Maintenance of aircraft. Much has been said about the tremendous potential that digitalisation holds for this industry. However, it often describes a glossy vision of the future , one that appears to be detached from the complex realities of daily maintenance operations. What are the biggest obstacles today and where are we heading?
1. Data silos
Airlines and MROs alike started leveraging AI, machine learning, big data, and digital maintenance logs to predict better and manage their operations. Their vision? Not only provide better experiences to travellers but also improve maintenance performance, reduce unplanned downtime and, as a result: save costs. But how realistic is it to achieve this vision? Given the industry siloed systems for storing data, data exchange is rarely seamless.To build an integrated maintenance ecosystem, airlines will have to overcome a challenge as old as aviation itself: operations, maintenance, and data ownership. Therefore, the willingness and ability to sync data across various sources, formats, and departments appear to be one of the main barriers for operators to invest in digital initiatives today fully.
2. Digital readiness
We see a race to build digital platforms by the more prominent players. Airbus, Delta, and Lufthansa Industry Solutions begin experimenting with intelligent tools for their maintenance operations. AI, VR, drones, and smart glasses (Microsoft Hololens, Google Glass) are all part of the modernization of the industry. And that’s a great thing in the long term.
However, which new technologies to deploy now, and how should they best be utilized? A question that often remains unanswered. Besides this, evermore connected digital aircraft are accelerating turbulences for maintenance and engineering operations to collect, process, and act upon increasingly complicated aircraft systems. In the meantime, operators and MRO providers struggle with retrofitting both existing and new tools and services to meet the demand of the volumes and wealth of data they produce. It appears that the rate of technological change is increasing and is rapidly exceeding the industry’s ability to keep up.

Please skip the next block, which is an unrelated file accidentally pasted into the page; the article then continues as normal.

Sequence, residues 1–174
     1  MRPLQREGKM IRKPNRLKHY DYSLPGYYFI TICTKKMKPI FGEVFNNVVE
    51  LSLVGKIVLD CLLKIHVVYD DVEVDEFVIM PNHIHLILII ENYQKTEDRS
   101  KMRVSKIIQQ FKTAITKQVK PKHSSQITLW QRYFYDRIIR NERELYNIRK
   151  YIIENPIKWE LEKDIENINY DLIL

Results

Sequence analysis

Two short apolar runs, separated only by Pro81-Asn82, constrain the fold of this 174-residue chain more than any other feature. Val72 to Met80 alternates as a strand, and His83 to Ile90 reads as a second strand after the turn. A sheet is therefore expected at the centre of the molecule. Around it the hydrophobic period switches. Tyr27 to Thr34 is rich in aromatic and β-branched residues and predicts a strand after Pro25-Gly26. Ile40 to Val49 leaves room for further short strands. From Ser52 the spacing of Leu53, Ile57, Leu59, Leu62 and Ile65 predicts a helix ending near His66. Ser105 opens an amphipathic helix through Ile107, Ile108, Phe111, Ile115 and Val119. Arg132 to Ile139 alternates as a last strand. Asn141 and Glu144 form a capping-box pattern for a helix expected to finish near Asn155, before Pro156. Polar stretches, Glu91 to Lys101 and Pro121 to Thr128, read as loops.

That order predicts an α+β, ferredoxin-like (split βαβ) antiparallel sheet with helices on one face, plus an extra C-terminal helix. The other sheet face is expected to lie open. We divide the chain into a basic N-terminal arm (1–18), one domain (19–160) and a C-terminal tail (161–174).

3. Transformation of the workforce
The transformation of the workforce is and will continue to stay a challenge for the aircraft MRO sector. With maintenance of aircraft increasingly digitalising, the next-generation solutions and the skills required to effectively use analytical tools have to be present in the organisations. That is often not the case. Little investment has been made in human capital that is sufficiently skilled and experienced in dealing with digital tools. As a result, most aviation organisations do not have the expertise to apply machine learning, deep learning or artificial intelligence (AI) to their information or conduct pilot programs required to embrace new technologies. Besides educating future generations, it is therefore crucial to also train existing employees to move into more digital roles.
On the customer-facing side, airlines have already leapt at the opportunity to embrace AI and predictive analytics to better understand and engage passengers. It is time for the MRO side of the industry to follow suit.
At Mainblades, we are keen to be part of this transition. We believe in the enormous potential of more digitalized and integrated maintenance of aircraft to make the industry safer and more efficient. Our approach for visual inspections guarantees efficient data sharing, less discussions and more efficient operations.
If you are interested to learn more about us and how we support the industry in overcoming the challenges addressed in this article, check out our two recent webinars on this topic: